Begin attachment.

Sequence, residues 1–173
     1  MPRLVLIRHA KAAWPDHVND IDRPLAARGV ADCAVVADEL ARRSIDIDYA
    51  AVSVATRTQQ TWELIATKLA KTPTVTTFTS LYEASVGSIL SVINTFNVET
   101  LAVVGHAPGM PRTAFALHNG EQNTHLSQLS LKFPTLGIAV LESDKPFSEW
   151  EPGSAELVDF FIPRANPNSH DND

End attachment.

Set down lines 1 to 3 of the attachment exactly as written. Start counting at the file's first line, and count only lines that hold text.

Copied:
Sequence, residues 1–173
     1  MPRLVLIRHA KAAWPDHVND IDRPLAARGV ADCAVVADEL ARRSIDIDYA
    51  AVSVATRTQQ TWELIATKLA KTPTVTTFTS LYEASVGSIL SVINTFNVET